Law Enforcement Comes Together to Learn About Dealing With Gang Crime
LOS ANGELES—Although violent crime in general, including gang crime, is on a downward trend in LA, 58% of homicides in 2013 were gang-related. Law enforcement officials said on Tuesday that the city still has a long way to go to curb gang violence.
Wes McBride, executive director of the California Gang Investigators Association, said one of the biggest issues in police gang units is the high officer turnover rate. The environment is highly stressful and strategies to combat gang violence are not easily adopted from other police gang units because of regional differences. For example, gangs in New York are more involved in territorial violence, while gangs on the West coast are more heavily involved in drug trafficking through Mexico and Central America.
“What happens in LA may not be what’s happening on the East Coast, but there are similarities,” he said.
According to Jim McDonnell, the Chief of the Long Beach Police Department, officer partnerships and regular communication are exactly what are needed most to keep a healthy mental attitude in such a high-stress environment.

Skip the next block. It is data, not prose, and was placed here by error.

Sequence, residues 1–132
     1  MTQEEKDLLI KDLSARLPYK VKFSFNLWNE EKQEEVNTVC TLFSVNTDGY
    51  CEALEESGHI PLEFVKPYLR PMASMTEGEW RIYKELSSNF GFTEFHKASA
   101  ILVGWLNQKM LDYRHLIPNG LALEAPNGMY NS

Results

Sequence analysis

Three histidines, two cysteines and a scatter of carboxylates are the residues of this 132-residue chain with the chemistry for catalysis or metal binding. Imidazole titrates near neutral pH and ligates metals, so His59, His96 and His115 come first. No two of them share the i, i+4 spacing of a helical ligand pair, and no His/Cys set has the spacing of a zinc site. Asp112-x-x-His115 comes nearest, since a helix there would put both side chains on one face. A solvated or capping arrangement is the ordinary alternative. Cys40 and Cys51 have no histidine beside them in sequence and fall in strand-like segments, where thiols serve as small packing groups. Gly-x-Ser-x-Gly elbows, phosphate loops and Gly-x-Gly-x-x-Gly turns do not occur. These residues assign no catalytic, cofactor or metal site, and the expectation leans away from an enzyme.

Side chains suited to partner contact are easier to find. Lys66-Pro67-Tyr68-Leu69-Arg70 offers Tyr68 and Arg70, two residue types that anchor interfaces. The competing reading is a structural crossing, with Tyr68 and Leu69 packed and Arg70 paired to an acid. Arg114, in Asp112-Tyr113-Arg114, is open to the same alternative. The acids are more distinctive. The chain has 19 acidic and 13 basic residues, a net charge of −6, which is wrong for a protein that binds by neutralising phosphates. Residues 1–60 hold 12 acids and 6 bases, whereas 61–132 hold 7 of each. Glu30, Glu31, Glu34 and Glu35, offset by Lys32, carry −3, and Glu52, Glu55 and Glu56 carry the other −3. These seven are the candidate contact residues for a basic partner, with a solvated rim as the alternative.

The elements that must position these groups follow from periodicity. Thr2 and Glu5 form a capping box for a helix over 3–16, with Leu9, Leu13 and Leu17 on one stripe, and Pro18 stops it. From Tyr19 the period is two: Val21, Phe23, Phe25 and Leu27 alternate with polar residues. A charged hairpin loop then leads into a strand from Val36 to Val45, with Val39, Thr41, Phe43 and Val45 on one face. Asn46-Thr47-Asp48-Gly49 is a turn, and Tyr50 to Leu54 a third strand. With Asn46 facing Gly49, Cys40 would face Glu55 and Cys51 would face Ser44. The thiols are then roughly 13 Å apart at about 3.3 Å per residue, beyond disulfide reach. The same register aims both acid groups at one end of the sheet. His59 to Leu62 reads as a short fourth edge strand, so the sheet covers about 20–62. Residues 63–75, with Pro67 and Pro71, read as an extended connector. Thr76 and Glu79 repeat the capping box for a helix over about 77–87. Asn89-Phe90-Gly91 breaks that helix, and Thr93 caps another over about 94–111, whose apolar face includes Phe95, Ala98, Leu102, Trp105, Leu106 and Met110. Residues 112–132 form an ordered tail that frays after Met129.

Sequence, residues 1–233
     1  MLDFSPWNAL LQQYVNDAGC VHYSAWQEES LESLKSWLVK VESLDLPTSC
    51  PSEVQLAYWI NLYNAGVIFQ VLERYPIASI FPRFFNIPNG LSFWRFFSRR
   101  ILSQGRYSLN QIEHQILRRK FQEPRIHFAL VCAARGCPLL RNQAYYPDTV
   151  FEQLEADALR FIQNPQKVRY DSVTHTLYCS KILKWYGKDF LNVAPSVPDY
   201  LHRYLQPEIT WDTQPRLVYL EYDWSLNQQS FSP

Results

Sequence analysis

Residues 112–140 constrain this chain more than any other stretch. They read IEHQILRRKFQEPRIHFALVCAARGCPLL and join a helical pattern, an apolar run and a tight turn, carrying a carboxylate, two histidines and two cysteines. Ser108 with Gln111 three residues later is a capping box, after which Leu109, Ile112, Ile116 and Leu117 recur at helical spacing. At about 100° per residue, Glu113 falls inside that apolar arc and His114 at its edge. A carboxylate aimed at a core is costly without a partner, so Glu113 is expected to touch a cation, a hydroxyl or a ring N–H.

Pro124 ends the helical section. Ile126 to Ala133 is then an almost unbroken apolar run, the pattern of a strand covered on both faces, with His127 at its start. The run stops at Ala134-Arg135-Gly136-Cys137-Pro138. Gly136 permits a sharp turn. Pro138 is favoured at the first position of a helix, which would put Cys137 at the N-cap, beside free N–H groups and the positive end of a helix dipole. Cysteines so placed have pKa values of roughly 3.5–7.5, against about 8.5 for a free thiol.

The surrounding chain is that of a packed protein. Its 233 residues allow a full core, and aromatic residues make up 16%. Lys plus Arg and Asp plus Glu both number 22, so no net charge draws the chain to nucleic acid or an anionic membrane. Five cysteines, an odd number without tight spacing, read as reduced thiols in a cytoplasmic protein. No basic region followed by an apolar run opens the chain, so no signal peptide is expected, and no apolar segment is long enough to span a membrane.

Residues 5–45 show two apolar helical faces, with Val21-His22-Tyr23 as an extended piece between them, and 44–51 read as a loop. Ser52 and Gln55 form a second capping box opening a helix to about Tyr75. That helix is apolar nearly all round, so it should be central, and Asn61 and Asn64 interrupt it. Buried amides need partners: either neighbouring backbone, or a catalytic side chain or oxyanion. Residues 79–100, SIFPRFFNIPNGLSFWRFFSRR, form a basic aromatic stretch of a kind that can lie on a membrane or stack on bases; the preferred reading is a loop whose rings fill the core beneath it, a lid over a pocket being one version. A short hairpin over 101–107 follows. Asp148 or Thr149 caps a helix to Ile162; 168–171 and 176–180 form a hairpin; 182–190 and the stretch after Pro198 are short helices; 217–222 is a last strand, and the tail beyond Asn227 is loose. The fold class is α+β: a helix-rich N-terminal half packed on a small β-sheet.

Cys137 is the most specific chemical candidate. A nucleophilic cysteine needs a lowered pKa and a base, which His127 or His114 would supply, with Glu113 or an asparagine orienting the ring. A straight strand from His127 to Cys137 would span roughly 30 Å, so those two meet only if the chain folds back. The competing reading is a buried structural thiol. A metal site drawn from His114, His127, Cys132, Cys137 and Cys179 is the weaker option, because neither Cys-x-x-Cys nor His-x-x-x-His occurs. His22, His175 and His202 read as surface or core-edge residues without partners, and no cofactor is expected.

“In the gang environment, you see things that are completely senseless—people doing shootings, people taking advantage of other people. In the case of sex trafficking, doing things that you just shake your head and you say, ‘I can’t believe that this person thinks that that’s acceptable in any way,'” he said.
McBride, McDonnell and around 900 other law enforcement professionals from 21 US states, as well as France and Canada, came together for the 23rd Annual National Gang Conference in Anaheim, Calif. on Tuesday.
The conference is a place where patrol officers and detectives, primarily from the Southern California region, can share effective strategies for reducing gang violence and emerging trends in gang activity.
McDonnell said gang crime has become more sophisticated recently, which is why these conferences are needed.
“We’ve seen a lessening of the outright violence that we saw back in the earlier days,” he said. “They’re getting involved in computer crime, cybercrime, cases of fraud, sex trafficking. Things that are more under the radar.”
In addition, gang violence is not limited to the well-known Latino and African-American gangs; gang violence and organized crime problems exist among many ethnic groups. For example, there are also Asian, white supremacist, and Armenian gangs.
McDonnell stressed that everyone has a responsibility to prevent crime, not just the police.
“The police are an extension of the community we serve,” he said. “Too often people know what’s going on in their community, and they’re either afraid or unwilling to come forward and share that with the police.”